MasterCard International, meanwhile, said that it would continue to allow its cardholders' data to be handled by CardSystems provided security was upgraded. "As of today, we are not aware of any deficiencies in its systems that are incapable of being remediated," MasterCard said in a statement.
The announcements follow Visa USA's decision to wind down its relationship with CardSystems immediately, a move that could place the processor's future in jeopardy. They come as executives from all three major credit card companies, along with John M. Perry, CardSystems' chief executive, are expected to testify Thursday before Congress.
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American Express appears to have reached a similar conclusion, but its move was largely symbolic given that it had said that CardSystems processed only a tiny fraction of its cardholder transactions. Judy Tenzer, an American Express spokeswoman, said that the company would terminate its relationship with CardSystems at the end of October and help its merchants switch to another processor.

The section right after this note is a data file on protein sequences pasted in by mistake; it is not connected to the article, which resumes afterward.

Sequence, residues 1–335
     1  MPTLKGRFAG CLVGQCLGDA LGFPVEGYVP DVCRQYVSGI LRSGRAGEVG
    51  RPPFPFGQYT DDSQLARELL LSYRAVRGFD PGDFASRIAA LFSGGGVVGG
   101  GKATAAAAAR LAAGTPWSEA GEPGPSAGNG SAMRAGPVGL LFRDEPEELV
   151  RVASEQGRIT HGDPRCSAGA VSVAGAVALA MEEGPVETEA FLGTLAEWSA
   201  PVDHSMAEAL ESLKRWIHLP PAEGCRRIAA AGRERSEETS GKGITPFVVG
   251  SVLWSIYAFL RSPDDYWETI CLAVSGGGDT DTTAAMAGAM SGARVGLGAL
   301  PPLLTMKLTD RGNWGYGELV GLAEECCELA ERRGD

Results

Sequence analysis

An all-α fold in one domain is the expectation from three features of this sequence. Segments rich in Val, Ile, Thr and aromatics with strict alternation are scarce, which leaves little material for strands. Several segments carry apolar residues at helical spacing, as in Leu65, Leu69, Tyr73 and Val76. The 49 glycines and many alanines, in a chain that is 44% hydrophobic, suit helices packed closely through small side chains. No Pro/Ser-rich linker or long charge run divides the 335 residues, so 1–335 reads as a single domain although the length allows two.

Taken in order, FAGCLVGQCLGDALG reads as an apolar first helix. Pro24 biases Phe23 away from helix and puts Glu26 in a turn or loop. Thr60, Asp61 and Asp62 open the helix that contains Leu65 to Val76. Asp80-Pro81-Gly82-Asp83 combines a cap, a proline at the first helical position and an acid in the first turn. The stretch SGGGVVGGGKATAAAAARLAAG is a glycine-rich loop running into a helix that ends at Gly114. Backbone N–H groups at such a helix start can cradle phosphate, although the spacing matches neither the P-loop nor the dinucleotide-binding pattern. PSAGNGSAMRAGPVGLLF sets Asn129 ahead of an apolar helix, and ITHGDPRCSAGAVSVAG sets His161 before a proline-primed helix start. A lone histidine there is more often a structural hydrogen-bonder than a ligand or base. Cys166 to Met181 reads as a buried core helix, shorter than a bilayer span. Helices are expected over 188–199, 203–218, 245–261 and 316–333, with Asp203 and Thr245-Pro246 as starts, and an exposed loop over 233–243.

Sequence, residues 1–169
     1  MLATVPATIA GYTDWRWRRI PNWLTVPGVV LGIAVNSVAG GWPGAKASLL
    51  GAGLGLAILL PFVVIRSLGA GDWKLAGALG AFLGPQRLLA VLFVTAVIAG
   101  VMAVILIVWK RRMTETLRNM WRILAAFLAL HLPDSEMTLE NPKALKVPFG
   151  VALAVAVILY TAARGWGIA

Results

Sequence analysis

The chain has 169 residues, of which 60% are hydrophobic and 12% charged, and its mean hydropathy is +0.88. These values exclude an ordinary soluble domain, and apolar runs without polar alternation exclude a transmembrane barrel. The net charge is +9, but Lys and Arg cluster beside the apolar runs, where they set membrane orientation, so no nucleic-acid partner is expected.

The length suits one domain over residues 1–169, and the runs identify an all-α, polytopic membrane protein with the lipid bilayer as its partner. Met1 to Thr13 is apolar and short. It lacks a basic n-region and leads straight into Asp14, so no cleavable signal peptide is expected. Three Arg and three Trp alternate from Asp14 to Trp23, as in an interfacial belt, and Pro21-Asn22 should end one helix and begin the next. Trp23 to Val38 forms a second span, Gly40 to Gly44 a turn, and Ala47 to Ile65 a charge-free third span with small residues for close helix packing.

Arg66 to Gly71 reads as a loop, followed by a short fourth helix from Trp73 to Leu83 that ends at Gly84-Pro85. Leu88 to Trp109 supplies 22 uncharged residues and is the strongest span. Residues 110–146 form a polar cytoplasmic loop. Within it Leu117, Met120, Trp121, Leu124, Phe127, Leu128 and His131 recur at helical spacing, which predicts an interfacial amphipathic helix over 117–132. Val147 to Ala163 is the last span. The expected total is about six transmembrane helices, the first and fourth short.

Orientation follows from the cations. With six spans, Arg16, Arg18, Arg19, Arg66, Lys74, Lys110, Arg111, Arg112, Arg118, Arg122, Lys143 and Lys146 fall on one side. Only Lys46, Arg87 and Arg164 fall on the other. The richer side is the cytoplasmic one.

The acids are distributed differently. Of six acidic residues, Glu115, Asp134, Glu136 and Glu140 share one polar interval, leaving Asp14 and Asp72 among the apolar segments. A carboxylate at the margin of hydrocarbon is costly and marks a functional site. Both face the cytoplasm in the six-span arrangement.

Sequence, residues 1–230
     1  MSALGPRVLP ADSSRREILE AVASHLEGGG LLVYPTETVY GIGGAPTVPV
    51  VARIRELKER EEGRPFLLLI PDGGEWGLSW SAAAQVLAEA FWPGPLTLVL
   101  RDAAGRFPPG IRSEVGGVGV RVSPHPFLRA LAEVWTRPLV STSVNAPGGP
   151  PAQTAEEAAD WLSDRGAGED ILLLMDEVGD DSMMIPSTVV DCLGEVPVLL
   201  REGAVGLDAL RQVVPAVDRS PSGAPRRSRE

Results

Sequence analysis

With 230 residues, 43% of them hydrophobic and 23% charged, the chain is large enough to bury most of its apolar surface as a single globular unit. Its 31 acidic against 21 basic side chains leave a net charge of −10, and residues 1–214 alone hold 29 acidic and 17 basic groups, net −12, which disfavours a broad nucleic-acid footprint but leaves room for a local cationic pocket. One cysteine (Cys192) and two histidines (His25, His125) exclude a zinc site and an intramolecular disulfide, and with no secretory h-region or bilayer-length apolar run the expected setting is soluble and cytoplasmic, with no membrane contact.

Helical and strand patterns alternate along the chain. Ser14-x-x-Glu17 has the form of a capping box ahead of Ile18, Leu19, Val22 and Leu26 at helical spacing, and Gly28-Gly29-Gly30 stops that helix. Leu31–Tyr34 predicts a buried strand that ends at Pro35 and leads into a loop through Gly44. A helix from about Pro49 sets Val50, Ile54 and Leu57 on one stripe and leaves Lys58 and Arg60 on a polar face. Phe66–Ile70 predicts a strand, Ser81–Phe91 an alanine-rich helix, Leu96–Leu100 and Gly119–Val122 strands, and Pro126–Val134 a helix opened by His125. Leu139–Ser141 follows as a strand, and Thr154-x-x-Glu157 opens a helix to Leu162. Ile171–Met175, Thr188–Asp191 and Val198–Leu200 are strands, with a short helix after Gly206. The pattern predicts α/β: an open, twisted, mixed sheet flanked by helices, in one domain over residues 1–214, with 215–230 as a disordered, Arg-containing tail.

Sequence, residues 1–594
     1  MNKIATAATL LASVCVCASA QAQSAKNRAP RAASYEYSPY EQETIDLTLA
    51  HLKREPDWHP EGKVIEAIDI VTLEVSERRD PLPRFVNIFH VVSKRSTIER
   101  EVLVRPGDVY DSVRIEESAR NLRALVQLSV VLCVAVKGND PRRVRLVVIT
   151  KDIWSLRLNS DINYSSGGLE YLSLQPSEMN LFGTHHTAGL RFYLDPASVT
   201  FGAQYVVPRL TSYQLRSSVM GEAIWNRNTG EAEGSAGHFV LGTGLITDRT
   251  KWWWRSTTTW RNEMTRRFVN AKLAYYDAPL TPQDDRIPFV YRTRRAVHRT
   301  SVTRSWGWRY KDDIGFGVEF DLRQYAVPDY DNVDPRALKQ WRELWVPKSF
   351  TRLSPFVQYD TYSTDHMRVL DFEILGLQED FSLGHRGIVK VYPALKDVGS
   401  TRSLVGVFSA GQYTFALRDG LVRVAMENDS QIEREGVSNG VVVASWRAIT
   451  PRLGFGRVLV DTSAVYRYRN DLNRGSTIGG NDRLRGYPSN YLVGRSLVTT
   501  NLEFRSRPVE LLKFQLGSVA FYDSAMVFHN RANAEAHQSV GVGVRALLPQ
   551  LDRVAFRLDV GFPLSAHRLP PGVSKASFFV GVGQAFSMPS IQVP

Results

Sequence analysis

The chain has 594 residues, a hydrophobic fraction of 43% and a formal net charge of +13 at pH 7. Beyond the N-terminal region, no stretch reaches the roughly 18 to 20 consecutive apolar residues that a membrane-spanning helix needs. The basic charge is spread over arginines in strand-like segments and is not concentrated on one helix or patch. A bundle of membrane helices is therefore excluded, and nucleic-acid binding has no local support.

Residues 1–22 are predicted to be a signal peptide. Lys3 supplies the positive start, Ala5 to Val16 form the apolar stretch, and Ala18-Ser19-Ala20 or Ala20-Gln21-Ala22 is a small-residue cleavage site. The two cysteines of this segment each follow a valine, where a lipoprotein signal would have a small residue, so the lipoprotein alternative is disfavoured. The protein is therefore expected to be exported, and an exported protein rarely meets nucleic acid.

MasterCard, however, said that CardSystems' problems could be fixed and it was working with the card processor to develop a detailed compliance plan so as to not cause disruption for its merchant customers. If CardSystems cannot demonstrate that it is in compliance by the end of August, the statement said, its "ability to provide services to MasterCard members will be at risk."
Jennifer Born, a Discover Financial spokeswoman, said that Discover was reviewing its relationship with CardSystems and would "make a decision once that process is completed."
CardSystems executives were traveling, and a spokeswoman said they could not be reached.
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